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Setting Big Goals: What We Can Learn from the Evans Family

The transcontinental run is an almost mind-boggling challenge. To achieve this goal, one must be willing to commit an extreme amount of time, energy, and faith. Moreover, one has to rely on family, friends, and the kindness of strangers in the pursuit of a near superhuman accomplishment. What can the average runner learn from people who undertake these extraordinary quests?

I’ve been thinking a lot about cross-county running (like, literally, running across the country) this week because of the Evans family. On July 4, Shaun, Nichole, Shamus, and Simon Evans will leave from Seattle, Washington on a cross- country run that will finish up on September 1 in New York, at Pelham Bay in the Bronx. Shamus, age 9, has cerebral palsy, but that hasn’t stopped him from experiencing his life to the fullest. Several years ago, Shamus got hooked on ultra running after his father, Shaun Evans, won a six-hour ultra marathon while pushing him in a jogging stroller. Shamus then set a goal of completing a transcontinental run, but unfortunately, he was outgrowing his old jogging stroller and needed a better set of wheels.

Luckily, Shaun was able to contact Dick Hoyt, well known for pushing his son Rick and regularly completing the Boston Marathon and Iron Man Triathlon. Dick put Shaun in contact with Ainsley’s Angels –– an organization that pairs rider athletes and runners and raises money to supply custom running chairs for these athletes. After quickly raising money for their own chair, the Evans family decided to use their transcontinental run to promote the work of Ainsley’s Angels. As they run through the county, the Evanses will raise money, build awareness, and distribute custom running chairs in each of the states through which they travel. Shaun and Shamus will have to run roughly 3,201 miles in sixty days; Nichole and Simon constitute the support team. Fleet Feet is just one of many sponsors supporting their efforts.

Shaun Evans being interviewed at Fleet Feet Albany

Shamus has been instrumental in helping his father prepare for the rigorous running ahead, coaching, nagging, and inspiring him to reach deep into himself to pile up mileage. In a recent interview, Shaun explained that Shamus’ training philosophy boiled down to a very simple mantra: “Run far… and if you don’t have time to run far, run FAST.” ( This is good advice when training to run across the country. Shaun has put in sequential training weeks of 200 miles as he gets ready to average just over 53 miles per day running across the United States. In a future blog, I am going to ask you if you are running enough to meet your goals. Shaun’s training should make us realize that we can do more. It should also remind us that we can do more if we are not merely doing it for ourselves.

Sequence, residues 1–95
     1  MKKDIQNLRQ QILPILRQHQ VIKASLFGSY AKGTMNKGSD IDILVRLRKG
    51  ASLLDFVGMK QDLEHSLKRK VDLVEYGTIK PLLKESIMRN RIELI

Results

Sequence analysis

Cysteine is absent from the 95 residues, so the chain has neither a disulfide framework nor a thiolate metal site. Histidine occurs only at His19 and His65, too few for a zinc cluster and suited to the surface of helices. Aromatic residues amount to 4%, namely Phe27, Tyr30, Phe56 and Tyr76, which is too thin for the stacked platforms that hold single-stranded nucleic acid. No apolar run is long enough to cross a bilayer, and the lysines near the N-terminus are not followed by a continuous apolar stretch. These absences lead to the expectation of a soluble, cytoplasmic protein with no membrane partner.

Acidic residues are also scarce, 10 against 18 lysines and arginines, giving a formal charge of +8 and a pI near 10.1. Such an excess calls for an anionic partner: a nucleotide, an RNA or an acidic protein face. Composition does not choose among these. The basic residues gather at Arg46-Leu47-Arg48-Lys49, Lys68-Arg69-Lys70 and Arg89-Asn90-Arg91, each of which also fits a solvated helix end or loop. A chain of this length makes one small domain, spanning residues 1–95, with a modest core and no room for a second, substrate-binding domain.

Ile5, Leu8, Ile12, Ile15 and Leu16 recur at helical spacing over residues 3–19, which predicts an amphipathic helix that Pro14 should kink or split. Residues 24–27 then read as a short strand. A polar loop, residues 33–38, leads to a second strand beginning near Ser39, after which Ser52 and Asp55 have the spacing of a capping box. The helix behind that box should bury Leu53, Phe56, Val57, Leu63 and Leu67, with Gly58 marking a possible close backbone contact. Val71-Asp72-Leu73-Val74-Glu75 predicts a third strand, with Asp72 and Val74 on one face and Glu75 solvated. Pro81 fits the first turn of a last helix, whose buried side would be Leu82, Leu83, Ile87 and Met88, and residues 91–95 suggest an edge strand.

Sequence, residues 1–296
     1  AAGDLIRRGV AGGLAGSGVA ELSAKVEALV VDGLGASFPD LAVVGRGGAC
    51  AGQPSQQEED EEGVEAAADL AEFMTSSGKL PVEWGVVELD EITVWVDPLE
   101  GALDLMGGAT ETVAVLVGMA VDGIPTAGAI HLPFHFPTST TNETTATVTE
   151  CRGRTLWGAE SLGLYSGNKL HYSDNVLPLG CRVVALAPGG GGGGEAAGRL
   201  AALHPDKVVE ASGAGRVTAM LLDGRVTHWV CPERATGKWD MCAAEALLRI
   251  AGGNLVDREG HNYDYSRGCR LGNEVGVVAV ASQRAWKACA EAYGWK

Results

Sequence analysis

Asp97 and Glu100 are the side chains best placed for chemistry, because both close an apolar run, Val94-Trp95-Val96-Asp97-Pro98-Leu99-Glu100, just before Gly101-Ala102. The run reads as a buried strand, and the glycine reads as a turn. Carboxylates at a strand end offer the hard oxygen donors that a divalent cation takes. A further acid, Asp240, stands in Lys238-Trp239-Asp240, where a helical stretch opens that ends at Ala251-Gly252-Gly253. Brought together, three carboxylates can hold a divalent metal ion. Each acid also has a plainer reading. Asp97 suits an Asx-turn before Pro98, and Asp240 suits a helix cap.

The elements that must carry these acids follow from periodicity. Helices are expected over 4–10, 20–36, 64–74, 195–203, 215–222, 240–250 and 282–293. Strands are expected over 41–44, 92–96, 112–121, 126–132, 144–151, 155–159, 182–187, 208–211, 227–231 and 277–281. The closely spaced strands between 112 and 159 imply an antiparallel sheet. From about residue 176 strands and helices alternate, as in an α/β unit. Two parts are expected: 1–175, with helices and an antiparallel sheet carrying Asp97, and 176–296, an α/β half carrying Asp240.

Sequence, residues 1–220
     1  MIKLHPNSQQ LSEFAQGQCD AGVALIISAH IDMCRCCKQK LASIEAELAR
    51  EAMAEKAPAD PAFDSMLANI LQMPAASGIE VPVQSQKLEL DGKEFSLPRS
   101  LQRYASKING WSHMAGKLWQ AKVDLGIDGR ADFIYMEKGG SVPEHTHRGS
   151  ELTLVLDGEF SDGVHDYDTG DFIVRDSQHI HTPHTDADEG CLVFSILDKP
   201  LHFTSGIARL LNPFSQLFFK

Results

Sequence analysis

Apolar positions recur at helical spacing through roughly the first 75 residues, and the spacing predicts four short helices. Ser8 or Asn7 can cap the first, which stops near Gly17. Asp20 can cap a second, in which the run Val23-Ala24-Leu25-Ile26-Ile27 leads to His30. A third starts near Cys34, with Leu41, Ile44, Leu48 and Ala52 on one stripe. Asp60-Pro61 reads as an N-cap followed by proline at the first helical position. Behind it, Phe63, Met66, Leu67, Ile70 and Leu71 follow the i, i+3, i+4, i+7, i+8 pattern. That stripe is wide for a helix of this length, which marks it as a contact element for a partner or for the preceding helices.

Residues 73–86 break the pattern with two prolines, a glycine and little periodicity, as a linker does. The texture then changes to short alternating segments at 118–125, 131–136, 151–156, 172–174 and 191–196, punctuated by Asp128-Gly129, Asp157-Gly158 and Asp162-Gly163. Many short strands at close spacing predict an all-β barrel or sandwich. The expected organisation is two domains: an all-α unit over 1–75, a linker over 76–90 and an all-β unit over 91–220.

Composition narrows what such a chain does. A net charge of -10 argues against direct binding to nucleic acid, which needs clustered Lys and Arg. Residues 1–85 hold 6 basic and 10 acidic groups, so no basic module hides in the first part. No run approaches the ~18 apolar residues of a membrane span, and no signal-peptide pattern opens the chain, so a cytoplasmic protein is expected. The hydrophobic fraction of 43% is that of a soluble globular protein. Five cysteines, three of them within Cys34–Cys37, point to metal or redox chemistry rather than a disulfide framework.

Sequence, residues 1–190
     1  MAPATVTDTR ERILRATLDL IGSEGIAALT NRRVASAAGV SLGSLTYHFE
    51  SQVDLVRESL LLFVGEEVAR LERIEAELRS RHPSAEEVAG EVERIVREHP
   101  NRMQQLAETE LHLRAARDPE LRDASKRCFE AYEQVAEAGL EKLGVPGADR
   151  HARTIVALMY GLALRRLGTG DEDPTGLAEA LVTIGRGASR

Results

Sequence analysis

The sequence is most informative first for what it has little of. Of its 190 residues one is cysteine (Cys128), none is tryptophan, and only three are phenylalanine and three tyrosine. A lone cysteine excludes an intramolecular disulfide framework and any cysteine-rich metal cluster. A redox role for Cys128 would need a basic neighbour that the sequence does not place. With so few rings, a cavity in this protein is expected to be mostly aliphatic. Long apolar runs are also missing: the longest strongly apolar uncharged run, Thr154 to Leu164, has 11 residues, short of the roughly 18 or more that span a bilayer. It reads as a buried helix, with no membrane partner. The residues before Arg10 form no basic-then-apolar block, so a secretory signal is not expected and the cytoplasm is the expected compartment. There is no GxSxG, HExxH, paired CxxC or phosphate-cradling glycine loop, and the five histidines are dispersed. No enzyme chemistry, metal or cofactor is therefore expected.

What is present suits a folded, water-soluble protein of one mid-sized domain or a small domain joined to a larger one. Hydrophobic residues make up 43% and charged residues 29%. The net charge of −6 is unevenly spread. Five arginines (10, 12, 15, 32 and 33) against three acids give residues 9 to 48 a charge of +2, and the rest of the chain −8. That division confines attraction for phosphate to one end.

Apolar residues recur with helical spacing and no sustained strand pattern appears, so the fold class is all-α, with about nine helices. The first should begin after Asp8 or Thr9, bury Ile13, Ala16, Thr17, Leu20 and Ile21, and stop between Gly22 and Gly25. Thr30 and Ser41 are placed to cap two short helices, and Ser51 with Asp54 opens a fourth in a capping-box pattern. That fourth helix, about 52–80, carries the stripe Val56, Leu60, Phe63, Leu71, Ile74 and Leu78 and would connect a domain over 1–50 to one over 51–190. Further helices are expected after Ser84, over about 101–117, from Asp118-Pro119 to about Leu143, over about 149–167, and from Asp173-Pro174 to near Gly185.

Here is where the story of Shaun and Shamus and the Evans family can give us not just inspiration, but some useful running lessons as well. Set some audacious goals for yourself. I mean BIG GOALS. Establish a goal that might look crazy when you set it down on paper. I imagine that when the Evans family started thinking about running across the country it was daunting. The physical requirements are scary enough –- that is a lot of running. But, the logistics are even more complicated: Where are we going to stay? What route will be direct enough without too much traffic? How are we going to supply enough calories to keep someone who is running two marathons a day fueled

The good news is that even the most outsized goal, once reduced to a statement of intention, then can be broken down into manageable pieces: training programs, supplies, maps, budgets and band-aids. It is, however, the intangibles – your will, belief, and focused intention – that will move your goal from dream to reality. Often, success can depend on making sure that one’s big goal benefits more than just oneself. In the case of Shaun Evans, running across the country was not his idea. His son Shamus matter-of-factly convinced him that they needed to do this, but for the right reasons –– to raise funding for Ainsley’s Angels and to make sure that other rider athletes could experience the joys of movement experienced by Shamus. The lesson here is that whatever the goal, be sure to take your ego out of the equation. It will just slow you down.

Heroic goals depend on your current capabilities. Getting out there and completing a 5K for a local charity, for instance, is laudable. Especially if it’s your first one, running a road race can be a significant personal challenge. You will probably need some support from new running mates and family to see you through. It is easier when you fix your mind on the good that you are doing, realizing that while your muscles may be sore, there is a larger purpose to your activities. When you finish – as you will, because others will benefit – you will be in the position to run longer, get faster, and set new goals that are always beyond your current abilities.

You may not have the time or capacity to run across the country for charity, but if you have the desire to set a big goal and make a difference in the lives of the Capital Region’s neediest citizens, plan on joining us November 13-14 at Fleet Feet Albany for our Third Annual 24 Hour Fight Against Hunger treadmill event to raise funds for the Regional Food Bank. As the Evans family shows us, running for another’s sake can take you places that you never dreamed possible.

If you’d like to learn more about the Evans family and Ainsley’s Angels, you can read “A Son’s Dream, a Father’s Devotion,” Runner’s World Online:

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